Thousands of captive whales, dolphins and other marine mammals still suffering in 2019
Our new Case Against Marine Mammals in Captivity (CAMMIC) report details, with scientific evidence, why we should never force these intelligent, wild animals to live in artificial environments
Revealed in the report
- Wild cetaceans (whales and dolphins) travel 40-100 miles a day, achieve speeds of 30 miles per hour, and dive hundreds of feet deep. Even in the largest facilities, they have less than 0.0001% (one millionth) of their natural habitat range.
- One 2014 study found that a captive male orca spent nearly 70% of his time virtually motionless.
- Captive marine mammals suffer from a huge range of health problems, including extreme stress, neurotic behaviors and abnormal levels of aggression.
- Bottlenose dolphins are six times more likely to die immediately after capture from the wild and transfer between facilities.
- Annual mortality rates for captive orcas have improved over the years, but they still don’t match healthy populations in the wild.
- The number of ocean theme parks in China has jumped from 39 in 2015 to 76 in early 2019.
- Dolphin sea pen enclosures in Asia and the Caribbean are at extreme risk from hurricanes and tsunamis and damage the environment, including coral reefs and mangroves.
Captivity is cruelty
The fifth edition of CAMMIC, co-produced by us and the Animal Welfare Institute (AWI) was released today (March 8) at the ITB Berlin conference in Germany, one of the world’s largest travel events.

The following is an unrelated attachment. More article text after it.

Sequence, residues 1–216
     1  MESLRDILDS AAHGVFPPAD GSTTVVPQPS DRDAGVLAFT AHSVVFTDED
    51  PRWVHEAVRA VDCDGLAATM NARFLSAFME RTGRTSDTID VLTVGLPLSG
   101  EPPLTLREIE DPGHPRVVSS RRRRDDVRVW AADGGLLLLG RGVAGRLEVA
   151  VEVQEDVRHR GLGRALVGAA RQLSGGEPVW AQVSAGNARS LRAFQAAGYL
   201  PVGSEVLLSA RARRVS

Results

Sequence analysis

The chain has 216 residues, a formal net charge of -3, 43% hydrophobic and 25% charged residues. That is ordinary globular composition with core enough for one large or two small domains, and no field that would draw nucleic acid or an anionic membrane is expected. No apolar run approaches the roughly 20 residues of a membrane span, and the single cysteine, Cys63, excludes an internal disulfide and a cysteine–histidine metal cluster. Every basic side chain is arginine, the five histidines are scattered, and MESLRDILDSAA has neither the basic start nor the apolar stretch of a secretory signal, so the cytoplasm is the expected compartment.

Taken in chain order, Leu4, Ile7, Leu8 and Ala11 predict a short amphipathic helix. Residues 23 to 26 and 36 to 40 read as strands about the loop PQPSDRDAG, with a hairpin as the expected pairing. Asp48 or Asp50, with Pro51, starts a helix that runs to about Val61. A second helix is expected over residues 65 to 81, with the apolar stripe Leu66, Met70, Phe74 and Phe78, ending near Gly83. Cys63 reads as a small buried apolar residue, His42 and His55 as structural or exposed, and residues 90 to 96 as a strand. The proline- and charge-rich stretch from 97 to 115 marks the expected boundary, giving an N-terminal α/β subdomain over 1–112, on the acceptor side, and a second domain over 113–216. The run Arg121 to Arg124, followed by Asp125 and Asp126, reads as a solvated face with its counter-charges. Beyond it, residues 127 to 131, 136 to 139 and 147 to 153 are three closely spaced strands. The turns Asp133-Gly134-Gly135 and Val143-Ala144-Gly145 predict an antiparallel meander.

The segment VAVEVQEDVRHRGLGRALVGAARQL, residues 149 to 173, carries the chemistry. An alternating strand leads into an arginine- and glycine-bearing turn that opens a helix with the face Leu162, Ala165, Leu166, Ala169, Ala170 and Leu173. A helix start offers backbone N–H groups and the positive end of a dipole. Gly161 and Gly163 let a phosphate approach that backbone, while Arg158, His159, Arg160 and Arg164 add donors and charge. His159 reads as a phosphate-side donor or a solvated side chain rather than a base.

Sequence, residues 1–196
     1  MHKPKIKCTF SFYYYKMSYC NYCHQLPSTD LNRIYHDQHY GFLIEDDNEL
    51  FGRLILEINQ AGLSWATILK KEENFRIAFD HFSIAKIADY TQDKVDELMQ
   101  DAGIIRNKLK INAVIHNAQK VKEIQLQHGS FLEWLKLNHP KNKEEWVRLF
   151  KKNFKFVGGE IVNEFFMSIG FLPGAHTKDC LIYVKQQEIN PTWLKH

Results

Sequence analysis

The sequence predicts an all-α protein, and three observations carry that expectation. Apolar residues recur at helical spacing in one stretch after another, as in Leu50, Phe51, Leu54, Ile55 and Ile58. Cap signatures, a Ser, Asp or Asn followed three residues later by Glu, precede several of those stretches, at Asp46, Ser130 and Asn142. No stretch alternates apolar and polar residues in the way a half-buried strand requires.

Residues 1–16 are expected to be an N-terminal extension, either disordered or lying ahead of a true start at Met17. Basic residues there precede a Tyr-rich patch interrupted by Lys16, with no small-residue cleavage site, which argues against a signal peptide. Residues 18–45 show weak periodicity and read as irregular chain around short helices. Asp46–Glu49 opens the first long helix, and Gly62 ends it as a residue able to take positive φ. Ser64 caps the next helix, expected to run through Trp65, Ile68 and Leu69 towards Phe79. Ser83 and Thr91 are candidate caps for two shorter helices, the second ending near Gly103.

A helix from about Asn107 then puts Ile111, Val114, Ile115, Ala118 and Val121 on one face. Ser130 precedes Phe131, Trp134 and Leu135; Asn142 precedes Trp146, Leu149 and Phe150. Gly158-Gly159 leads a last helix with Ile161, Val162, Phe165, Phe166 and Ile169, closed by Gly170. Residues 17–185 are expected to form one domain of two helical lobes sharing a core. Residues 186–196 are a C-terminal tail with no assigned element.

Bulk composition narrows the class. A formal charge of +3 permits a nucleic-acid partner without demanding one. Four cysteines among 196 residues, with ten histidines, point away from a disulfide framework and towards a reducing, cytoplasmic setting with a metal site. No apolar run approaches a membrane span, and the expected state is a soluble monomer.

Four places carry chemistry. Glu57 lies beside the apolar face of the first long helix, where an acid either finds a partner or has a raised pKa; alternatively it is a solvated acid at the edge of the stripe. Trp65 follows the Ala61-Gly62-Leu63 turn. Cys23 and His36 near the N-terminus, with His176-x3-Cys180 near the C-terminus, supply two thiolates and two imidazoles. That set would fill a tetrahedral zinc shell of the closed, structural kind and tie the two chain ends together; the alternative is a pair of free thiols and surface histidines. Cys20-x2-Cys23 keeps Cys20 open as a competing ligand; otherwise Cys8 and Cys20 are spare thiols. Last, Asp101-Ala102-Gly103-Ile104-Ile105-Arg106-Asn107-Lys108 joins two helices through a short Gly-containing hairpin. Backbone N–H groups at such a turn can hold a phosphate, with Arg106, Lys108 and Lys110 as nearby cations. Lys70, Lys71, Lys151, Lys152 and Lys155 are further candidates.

It’s a shocking portrait of the behind-the-scenes cruelty of zoos, aquariums, and marine theme parks that trade and exploit captive marine mammals for entertainment.
Keeping marine mammals captive, whether captured from the wild or bred in captivity, causes immense suffering – from capture, to transport, to a lifelong existence in small barren tanks.
Download the full report here.
Life in captivity is cruel
Nick Stewart, our Global Head of Campaigns says: “The life in captivity for marine mammals such as dolphins is so contrary to their natural lives. A life in captivity is simply no life at all."
“Tourists and the global travel industry are a key source of demand for existing and new captive marine mammal facilities, which is why we have chosen to launch the report at one of the world’s biggest travel shows.”
Dr. Naomi Rose, the report’s lead author and AWI’s marine mammal scientist says: “Marine mammals simply cannot thrive in captivity. Almost all marine mammal species are wide-ranging predators and the best we can provide for them are barren concrete boxes or small sea pen corrals.”
Working with the industry
We will be speaking to travel companies at ITB Berlin about the suffering endured by captive marine mammals, and the steps the industry can take to become a part of the solution to this global problem.